The container world, starting with Docker and then moving to Kubernetes, has focused on stateless services like web applications.  This has been largely because stateless services are simply easier to manage in new environments, and can be handled generically was well, allowing Kubernetes to be relatively platform-agnostic.  Once you get into services that require storage and other persistent resources, the idea of "run your containerized application on any platform" becomes much more challenging.

Somewhere along the way "stateful services are hard" morphed into "you shouldn't run stateful services" as a kind of mantra.  Considering how much work contributors have put into making stateful apps possible, that's simply wrong.  And, for that matter, when has running databases on any stack ever been easy?

Let's start with some of the reasons you would want to run Postgres (or other databases) on Kubernetes.  In tommorrow's post, I'll go into some of the reasons why you would not want to.

One Environment to Rule Them All

The biggest reason is to simplify your development and deployment picture by putting all application components on Kubernetes.  It supplies a whole set of scaffolding to make deploying and integrating applications and databases easier, including shared secrets, universal discovery, load balancing, service monitoring, and scaling.  While there are integration points, like the Service Catalog, that support treating external databases as Kubernetes services, it's always going to be harder to manage a database that has to be deployed by a completely different process from the application it supports.

As a small example, let's take database connection credentials. If both the database and the application are on Kubernetes, rotating/updating credentials is simple: you just update a Secrets object (or a plugin provider like KeyCloak), and both the application and the database will pick up the new logins.  If the database is external, this becomes two separate update processes, each of which uses different tools.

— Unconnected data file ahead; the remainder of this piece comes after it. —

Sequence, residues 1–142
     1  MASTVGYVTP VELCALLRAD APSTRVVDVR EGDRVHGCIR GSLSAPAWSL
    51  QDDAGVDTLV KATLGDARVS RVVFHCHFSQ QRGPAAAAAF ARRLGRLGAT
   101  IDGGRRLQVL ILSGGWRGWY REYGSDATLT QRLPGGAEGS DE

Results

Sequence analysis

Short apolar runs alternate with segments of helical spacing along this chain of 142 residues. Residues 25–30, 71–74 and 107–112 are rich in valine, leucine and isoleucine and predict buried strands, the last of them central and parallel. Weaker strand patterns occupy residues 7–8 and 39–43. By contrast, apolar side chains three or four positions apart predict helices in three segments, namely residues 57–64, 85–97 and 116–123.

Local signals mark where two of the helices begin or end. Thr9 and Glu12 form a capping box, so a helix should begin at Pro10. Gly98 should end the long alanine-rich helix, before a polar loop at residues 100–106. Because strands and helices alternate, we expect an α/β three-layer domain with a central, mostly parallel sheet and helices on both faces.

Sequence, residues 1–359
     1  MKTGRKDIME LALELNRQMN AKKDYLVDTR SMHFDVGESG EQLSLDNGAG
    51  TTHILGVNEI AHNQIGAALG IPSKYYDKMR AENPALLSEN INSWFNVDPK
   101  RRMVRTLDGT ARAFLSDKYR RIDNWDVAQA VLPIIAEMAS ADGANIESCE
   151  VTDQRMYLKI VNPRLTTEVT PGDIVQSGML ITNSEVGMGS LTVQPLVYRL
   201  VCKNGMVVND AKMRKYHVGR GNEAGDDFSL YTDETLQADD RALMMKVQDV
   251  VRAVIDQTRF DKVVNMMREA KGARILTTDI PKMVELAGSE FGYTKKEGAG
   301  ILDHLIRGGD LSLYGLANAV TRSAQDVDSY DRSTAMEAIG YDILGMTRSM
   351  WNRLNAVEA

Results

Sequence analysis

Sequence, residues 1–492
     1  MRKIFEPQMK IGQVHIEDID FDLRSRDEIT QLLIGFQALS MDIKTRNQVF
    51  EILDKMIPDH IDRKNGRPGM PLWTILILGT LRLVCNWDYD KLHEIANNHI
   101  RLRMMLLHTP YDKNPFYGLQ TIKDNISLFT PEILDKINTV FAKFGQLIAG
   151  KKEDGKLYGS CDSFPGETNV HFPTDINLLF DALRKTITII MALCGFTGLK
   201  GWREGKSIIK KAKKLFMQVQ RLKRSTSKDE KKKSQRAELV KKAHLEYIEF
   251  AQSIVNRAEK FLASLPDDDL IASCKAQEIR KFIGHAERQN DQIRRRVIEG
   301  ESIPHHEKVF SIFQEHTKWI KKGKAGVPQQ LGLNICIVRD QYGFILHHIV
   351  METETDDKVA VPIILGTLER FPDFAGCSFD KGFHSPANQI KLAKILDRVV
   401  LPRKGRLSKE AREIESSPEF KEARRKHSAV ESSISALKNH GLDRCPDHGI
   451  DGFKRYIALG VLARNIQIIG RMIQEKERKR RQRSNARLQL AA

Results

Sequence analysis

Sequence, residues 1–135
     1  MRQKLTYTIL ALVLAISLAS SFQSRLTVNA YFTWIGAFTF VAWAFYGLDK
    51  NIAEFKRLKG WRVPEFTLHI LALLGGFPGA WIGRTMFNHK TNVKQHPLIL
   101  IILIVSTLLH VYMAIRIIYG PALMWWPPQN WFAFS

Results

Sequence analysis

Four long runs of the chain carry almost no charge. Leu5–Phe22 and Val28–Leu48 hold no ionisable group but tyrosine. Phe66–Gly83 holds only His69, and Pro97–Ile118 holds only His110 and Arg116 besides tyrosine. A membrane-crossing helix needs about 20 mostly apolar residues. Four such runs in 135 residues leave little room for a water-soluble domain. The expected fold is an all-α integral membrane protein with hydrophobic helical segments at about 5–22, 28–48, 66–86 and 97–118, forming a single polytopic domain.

With the integration from locating everything on Kubernetes, setting up other parts of your development infrastructure get much easier.  Deploying a test application to dev or staging can work the same way as it does in prod, minimizing mistakes.  CI/CD can more easily include database updates and upgrades.

Do the DevOps

With this level of integration, and the right coworkers, Kubernetes then enables a "real DevOps workflow" where each development team owns their own database.  In dev and staging environments, and maybe even in production, developers can be given the ability to self-service database support, deploying small replication clusters using predefined templates.

This isn't theoretical; it's what online fashion retailer Zalando is actually doing, allowing them to manage a large company with hundreds of online applications and a handful of database staff.

In traditional -- or even VM cloud -- environments, this is much, much harder to do.  First, the cost and resource consumption of database servers (or virtual servers) requires ops gating their deployment.  Second, the challenge of setting up databases in a way that protects against data loss is a blocker for motivated dev teams.

Much Easier HA

I spent a long time working on fully automated HA systems for PostgreSQL.  I found that, for HA to work, I needed multiple services outside PostgreSQL itself:

  • a "source of truth" to prevent split-brain;
  • something to ensure that the minimum number of replicas were running;
  • routing to the current master that can be quickly changed;
  • a way to enforce shutdown of rogue nodes;
  • a UI to view all of the members of my cluster.

Kubernetes supplies all of the above for you using various objects and tools.  This means that the automatic HA code that needs to run in the Postgres containers can be very simple, and substantially more reliable.  Today, I can't imagine trying to implement database high availability without it.

Zero-Brain-Cell Admin for Small Databases

In a presentation by Peter van Hardenberg, he pointed out that the median size of Heroku's hundreds of thousands of PostgreSQL databases was less than 1GB.  Databases this size also usually support a single application.  This is the size of database you must automate; no human being should be spending time and effort administrating an individual database that fits on a 2005 USB key.

In an orchestrated environment, it becomes much easier to treat the large number of tiny databases needed in your ecosystem as the replaceable cogs they are.  Yes, you can automate your database management entirely with configuration management systems, but it's both easier and more reliable to do it in a container cloud.  Kubernetes helps you to not think about your less critical databases, so that you can spend your time on the databases that really need mollycoddling.

Not for Everyone